The truly interested reader is now, hopefully, versed in the discipline by which Fetzer and Jacobs build their case for an assassination conspiracy in the downing of the Wellstone plane. The authors’ dissect, item by item, the government’s handling of the event, from crash site response and investigation to the suspected manipulation of public information—essentially illustrating how the official system either failed or was perverted to facilitate a manufactured explanation for the crash.
The authors thoroughly document a pattern of procrastination, obfuscation, buck-passing, unanswered inquires, procedural anomalies, policy circumventions, apparent incompetence, discrediting of witnesses and sources, ignorance and degradation of physical evidence value. Most disturbing is the assertion the FBI played a key part in the initial phases of the crash investigation, usurping the established role of NTSB as the responsible action agency in any fatal aircraft incident. The authors’ offer a compilation of peripheral testimony, qualified sources familiar with airplane crashes and standards for investigating them.
Furthermore, the authors’ point out the Wellstone crash investigation was never subject to public hearing as mandated by NTSB regulation in any high profile case. Staunchly defending the assassination conspiracy argument, Fetzer and Jacobs, in full attack mode, rebut the final NTSB “accident” report with a vengeance. Sentence by sentence, they catalogue the reports’ contradictions, lapses, selective use of evidence and testimony, manipulated phraseology, and ignorance of available information that might undermine the government’s finding that the crash resulted from pilot error. The authors’ conclusion is that the NTSB report is a transparent effort to establish plausible denial and is bogus.
Finally, American Assassination presents the reader with a variety of alternative explanations for the plane crash. Some tend toward the exotic, but are technically substantiated to a reasonable degree. Other, more conventional explanations are also posed for the reader’s consideration. Expert opinion is offered and expanded upon. The book concludes with a summary of the major points of argument, set forth in easily understood fashion.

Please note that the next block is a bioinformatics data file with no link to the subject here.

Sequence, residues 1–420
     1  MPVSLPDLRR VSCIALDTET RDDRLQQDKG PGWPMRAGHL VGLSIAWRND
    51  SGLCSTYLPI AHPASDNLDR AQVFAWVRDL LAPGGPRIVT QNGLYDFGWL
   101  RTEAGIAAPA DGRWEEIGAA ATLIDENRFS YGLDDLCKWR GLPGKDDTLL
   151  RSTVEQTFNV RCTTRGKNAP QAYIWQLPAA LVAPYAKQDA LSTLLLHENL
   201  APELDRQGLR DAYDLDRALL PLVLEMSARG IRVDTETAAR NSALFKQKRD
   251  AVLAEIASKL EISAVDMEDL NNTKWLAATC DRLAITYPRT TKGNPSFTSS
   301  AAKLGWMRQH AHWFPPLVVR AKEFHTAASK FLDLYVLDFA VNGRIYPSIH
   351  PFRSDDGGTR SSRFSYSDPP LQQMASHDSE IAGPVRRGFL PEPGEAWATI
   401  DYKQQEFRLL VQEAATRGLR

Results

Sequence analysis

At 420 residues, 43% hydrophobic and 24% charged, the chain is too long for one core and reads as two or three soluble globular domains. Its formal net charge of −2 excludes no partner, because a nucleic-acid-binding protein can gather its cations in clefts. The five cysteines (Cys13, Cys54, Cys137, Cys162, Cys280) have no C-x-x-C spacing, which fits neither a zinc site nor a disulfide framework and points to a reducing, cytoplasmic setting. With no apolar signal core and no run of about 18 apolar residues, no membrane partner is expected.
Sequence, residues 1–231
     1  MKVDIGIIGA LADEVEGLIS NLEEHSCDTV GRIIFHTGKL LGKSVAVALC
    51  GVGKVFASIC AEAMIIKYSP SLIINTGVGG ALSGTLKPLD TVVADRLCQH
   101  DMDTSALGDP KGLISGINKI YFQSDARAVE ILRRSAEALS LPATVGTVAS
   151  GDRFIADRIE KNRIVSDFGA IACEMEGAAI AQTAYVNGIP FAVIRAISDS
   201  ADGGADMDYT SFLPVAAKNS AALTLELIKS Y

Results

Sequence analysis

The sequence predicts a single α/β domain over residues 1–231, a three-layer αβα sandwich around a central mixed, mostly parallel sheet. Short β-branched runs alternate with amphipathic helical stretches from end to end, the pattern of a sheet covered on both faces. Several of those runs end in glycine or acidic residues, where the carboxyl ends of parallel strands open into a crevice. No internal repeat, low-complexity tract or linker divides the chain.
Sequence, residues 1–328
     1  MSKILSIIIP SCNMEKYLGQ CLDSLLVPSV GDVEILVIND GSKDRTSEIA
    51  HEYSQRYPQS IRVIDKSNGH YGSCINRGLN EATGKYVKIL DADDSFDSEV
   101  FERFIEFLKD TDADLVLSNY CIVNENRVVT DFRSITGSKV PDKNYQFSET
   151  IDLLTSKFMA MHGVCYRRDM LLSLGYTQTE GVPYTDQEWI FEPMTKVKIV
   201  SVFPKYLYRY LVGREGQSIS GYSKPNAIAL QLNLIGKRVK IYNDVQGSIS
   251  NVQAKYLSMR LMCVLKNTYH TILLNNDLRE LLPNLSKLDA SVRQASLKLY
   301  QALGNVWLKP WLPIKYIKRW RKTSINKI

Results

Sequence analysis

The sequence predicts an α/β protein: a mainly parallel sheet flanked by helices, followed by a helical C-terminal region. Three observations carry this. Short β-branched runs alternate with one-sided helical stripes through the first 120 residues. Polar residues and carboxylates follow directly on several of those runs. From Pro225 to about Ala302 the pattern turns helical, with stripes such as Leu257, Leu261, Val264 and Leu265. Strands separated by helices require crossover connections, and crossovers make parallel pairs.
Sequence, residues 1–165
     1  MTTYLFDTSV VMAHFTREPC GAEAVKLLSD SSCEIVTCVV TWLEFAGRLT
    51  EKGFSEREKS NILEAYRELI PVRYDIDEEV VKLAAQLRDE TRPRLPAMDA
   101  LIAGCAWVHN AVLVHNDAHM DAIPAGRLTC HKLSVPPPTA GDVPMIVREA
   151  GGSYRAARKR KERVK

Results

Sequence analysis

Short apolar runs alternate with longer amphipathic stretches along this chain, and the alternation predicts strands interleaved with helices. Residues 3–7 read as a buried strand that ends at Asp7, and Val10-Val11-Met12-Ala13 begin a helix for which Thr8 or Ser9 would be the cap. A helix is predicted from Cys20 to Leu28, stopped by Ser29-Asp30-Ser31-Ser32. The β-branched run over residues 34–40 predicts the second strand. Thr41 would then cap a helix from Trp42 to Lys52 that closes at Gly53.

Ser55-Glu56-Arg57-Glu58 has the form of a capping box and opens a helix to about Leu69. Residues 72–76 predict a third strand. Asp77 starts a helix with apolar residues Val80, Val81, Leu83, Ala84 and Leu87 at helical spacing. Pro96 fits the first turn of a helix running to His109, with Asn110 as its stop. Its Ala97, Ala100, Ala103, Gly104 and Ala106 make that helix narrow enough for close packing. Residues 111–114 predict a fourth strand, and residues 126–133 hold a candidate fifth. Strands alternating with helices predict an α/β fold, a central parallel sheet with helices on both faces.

The authors’ conviction and ardency are apparent in their work, as is the thoroughness of their research. If the book has any weaknesses from a literary standpoint it’s the indulgent, redundant comparison of the postulated Wellstone assassination conspiracy with the murder of John F. Kennedy and the questionable deaths of other major political figures in America in recent years. There is also repetitive overkill in citing the potentially compromising backgrounds of some of the key officials involved in the investigation and reporting of the Wellstone crash. And the astute reader will note a certain editing unevenness of the text, something that’s hard to avoid when combining the independent work of co-authors. The book also lacks a bibliography and index.
These shortcomings in no way detract from the substance and essential message of the book. Fetzer and Jacobs have produced an enormously provocative piece of work that should be of interest to anyone concerned that our Constitutional political process, our very lives, can be manipulated by evil forces hiding behind a façade of moral and ideological righteousness in America today. American Assassination, if widely read, could well prompt a public outcry that might ultimately lead to a full exposition of the facts surrounding the strange death of Senator Paul Wellstone. The book is a must read for all who search for the truth.
Bradley E. Ayers is a former Army special operations officer and author of The War That Never Was: An Insider’s Account of CIA Covert Operations Against Cuba (Bobbs-Merrill, 1976). As a former commercial air charter bush pilot, he has flown into Eveleth, Minnesota, the site of the Wellstone plane crash, many times under all varieties of weather conditions.